British historian, Peter Frankopan and culinary author, Sabrina Ghayour explore how the historic trade route has shaped the way different cultures consume food
Sirocco, the title of Persian author Sabrina Ghayour’s much-loved culinary guide, is infused with meaning. Named for the Mediterranean wind that blows from East to West, from the Saharan desert to the European basin, it is symbolic of the a natural merging of culture and cuisine across the ancient Silk Road network.
Food is a great connector of people when it is readily available, a common denominator that binds us all together, she says, speaking at this year’s Emirates Airline Festival of Literature in a session called ‘The Journeys of Food: A Supper Club Discussion’, alongside Peter Frankopan, a British historian and Senior Research Fellow and Director of the Oxford Centre for Byzantine Research.
It was Frankopan’s book that helped Tehran-born Ghayour put into context how produce such as hers were traded back and forth historically along the fabled cultural highways across Arabia, Persia, India and China. “It helped me get a real sense that the East had truly thrived in a way we perhaps didn't previously fully appreciate or recall in the West”, she says.
Exotic spices, particularly cloves, cinnamon, ginger and cardamom, and vegetables and crops like sugar and rice were extensively traded. “You can still see, smell, taste the impact of the legacy of ancient culture and diversity in our world, from food and trade to travel and the way we eat and live; this is part of what made us who we are today.”
Frankopan, described in The New Statesman as the ‘history rock star du jour’ rather fittingly wrote his book The Silk Roads: A New History of the World, while experimenting with Sabrina’s recipes from her debut cookbook Persiana. Digging into the plentiful, perfumed dishes of saffron stew, lamb and sour cherry meatballs, lemon tagine and blood orange and radicchio salads celebrated in the book for their fluid cultural associations, was perfect sustenance for Frankopan’s written exploration of trade and cultural exchange.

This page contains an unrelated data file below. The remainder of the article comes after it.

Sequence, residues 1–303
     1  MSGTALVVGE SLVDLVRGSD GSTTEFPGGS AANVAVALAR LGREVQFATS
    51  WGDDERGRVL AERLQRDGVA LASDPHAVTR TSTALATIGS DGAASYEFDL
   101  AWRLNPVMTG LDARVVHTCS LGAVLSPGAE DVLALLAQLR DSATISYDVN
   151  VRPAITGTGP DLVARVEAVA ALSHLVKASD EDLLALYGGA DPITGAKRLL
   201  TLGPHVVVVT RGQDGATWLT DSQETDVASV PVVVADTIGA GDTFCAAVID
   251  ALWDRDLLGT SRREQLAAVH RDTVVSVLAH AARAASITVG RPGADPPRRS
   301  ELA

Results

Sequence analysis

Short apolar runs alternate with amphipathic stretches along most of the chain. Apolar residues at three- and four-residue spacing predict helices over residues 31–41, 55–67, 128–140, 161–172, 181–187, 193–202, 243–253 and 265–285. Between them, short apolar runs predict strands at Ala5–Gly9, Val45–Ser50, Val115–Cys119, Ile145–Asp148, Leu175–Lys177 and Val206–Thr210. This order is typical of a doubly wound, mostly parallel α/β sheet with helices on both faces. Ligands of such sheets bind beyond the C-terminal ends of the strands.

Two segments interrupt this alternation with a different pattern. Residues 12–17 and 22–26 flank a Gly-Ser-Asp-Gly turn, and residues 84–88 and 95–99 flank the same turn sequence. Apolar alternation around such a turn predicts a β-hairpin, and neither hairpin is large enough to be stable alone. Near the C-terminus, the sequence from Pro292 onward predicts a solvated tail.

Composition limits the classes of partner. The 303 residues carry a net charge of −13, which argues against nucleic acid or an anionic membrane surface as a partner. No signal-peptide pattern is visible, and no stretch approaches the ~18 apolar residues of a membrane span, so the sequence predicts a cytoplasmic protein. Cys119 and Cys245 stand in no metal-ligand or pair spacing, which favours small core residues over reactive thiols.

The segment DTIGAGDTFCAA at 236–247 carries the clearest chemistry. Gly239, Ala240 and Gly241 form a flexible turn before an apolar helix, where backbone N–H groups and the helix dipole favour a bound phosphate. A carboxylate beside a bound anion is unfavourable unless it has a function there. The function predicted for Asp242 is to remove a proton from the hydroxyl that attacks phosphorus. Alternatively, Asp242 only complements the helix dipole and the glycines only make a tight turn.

Though the historian agrees with Ghayour that the concept of breaking bread with someone in our language is a way of bringing people together, it was also an exchange of power along the ‘axis on which the world spun’ – the route taking in Asia Minor, Central Asia, The Caucasus, China and the Middle East that harks back to the Han dynasty, he says.
“Spices are a status symbol, a driver of global trade. Historically, exotic foods were brought in from all over the world. We talk about how we’re in an era of globalisation, but global trade has been happening for centuries, particularly with spices in food and medicine, such as nutmeg oil and cardamom oil – it’s the speed of globalisation that is new.”
As a consequence, food not only has the power to traverse natural borders and frontiers, such as deserts and mountains, but to break geographical or administrative boundaries that are imposed by human beings ultimately interested in creating hierarchies and identities.
“These frontiers are hugely complex but we are humans and we like to categorise, and we like to break things down and create labels to make them easy to understand,” Frankopan says. “The most exciting thing for me to understand is how people create tolerance, how they become prosperous, what’s required to enable growth and make decisions that will enable them to play down differences.”
For Ghayour, it is the proud understanding that “when in the Middle East, every meal is a feast” that enables this prosperity, tolerance and democracy. “People can say whatever they want about the Middle East,” she says, “but they can’t say we aren’t hospitable. They can’t say we don’t do good food.”